California markets are changing — and not for the better


Law firm hiring, like the economy, is cyclical. We have seen ups and downs over the past 20 years, and following explosive growth in the late 1990s, we are, once again, in a downswing.

Dramatic law firm growth began in the exuberant 1980s, with the expansion in the size and number of offices of California-based firms. Moreover, many national firms from New York City, Washington, D.C. and the Midwest opened California branch offices, a large number in Los Angeles, to share in the state’s economic boom. Law firms hired both new and lateral associates, as well as partners, at previously unheard of levels.

This seemingly unending upward trajectory came to an abrupt halt in the early ’90s, when the economy went into a very severe slump — a slump that was longer and deeper in Southern California than elsewhere. There was a concomitant decline in law firm hiring, considerable “downsizing” within the associate ranks and “rightsizing” at the partnership levels. Some mid-sized and smaller firms completely dissolved and unprofitable branch offices closed.

Today, there is marked slowing in the hiring of transactional lawyers at all levels of seniority, and actual layoffs and downsizing are in process. Northern California is the hardest hit because it expanded most dramatically over the past few years, primarily in the Silicon Valley high technology and biotech markets. Nonetheless, the news is not all gloom and doom, as law firms continue to hire for their summer associate programs, make permanent offers to summer associates of 2001 and hire new graduates with an eye towards improving economic conditions.

The sheer size of today’s legal market is enormous. There are over 136,000 active attorneys in California; the State Bar’s recent demographic study shows that 45 percent of them practice in the Los Angeles area and 30 percent in the Bay Area. The state’s five largest legal markets, in descending order, are as follows: Los Angeles County; San Francisco Bay Area, including Silicon Valley; Orange County; San Diego; and Sacramento.

Over the past 20 years, the law-firm model evolved from a professional collegial club to a business entity; the emphasis now is definitely on the bottom line. Whereas “gentlemen” lawyers of old did not disclose revenues, profits or compensation, today that information is regularly disbursed in legal publications and via numerous Internet web sites. Indeed, almost immediately upon the decision by Northern California law firms to begin layoffs, that news was transmitted nationwide.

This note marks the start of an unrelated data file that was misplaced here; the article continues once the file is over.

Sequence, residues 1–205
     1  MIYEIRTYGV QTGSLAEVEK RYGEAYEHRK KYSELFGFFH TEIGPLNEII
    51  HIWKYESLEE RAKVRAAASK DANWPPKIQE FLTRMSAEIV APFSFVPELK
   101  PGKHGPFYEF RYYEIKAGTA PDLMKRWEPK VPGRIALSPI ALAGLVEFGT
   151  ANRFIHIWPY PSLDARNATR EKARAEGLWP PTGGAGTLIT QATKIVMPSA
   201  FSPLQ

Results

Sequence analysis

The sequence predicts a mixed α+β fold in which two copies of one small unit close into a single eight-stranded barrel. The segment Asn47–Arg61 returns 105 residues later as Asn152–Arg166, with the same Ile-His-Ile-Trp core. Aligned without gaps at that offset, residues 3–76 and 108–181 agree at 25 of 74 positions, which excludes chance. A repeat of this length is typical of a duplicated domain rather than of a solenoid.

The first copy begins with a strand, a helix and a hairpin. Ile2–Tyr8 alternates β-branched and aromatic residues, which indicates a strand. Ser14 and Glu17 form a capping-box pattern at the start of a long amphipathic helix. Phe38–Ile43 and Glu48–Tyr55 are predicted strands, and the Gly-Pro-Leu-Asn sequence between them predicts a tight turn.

Another major change is the increase of lawyer — most notably partner — mobility. Attorneys no longer spend an entire career in one firm. When offered higher compensation, more managerial responsibility or a chance to head up a practice area, many partners have shifted firms. Furthermore, “merger mania” is upon us. Over the past few years, a number of out-of-state firms have come into California, each by acquiring several local partners with very profitable practices, or entire smaller to mid-sized firms. A large number of law firms, national, regional and local, either are actively considering or have been involved in merger discussions with other firms. The trend seems to indicate that many of even the most highly regarded small to medium firms are having difficulty competing with the larger firms on associate compensation and in providing clients with a full array of legal services. The consequence of this consolidation is that students have more limited choices when they are considering law firm practice.

Many times associates follow partner(s) to their new firms. However, the majority of associates move on their own for varying reasons. It is increasingly rare that an attorney’s first job is his/her only job. Thus, in considering your first job the question is less “Is this the right job?” and more “Will this firm give me the training and experience to enhance my marketability for my next position?”

Another reality is that, after the tremendous increases in associate salaries and bonuses over the past two years, compensation is flat. Many firms have notified their associates that there will not be bonuses this year and that base salaries are frozen. In addition, firms are employing other cost-cutting measures such as asking new associates to defer their start dates, and have been offering unpaid leaves of absence. To date, there have been no salary reductions.

With the changes in the economy, especially the decline of dot-com and emerging-growth companies, the “hot” practice areas have shifted since last year. Litigation heads the list of most opportunities. Intellectual property remains very strong from patent prosecution to “soft IP” areas such as copyright, trademark, licensing, Internet, piracy and privacy. Next on the list are real estate/land use, followed by labor and employment. There still are some corporate positions available, but primarily for mid-to-senior level associates. Not surprisingly in this economic cycle, bankruptcy is heating up. “Warm” practice areas include international, environmental, tax, trusts and estates. “Cool” areas are healthcare, banking, and government contracts. And for those of you with “stars in your eyes”: Although Los Angeles is the entertainment capital, it is virtually impossible for a new graduate to break into that industry unless you know someone!

In this tight legal market, firms are giving closer scrutiny to grades and performance evaluations. Current hiring programs appear to be tailored to reflect a more conservative, long-term approach.

RANDY BECKWITH is a partner with Seltzer Fontaine Beckwith, Legal Search Consultants in Los Angeles. She can be reached at or

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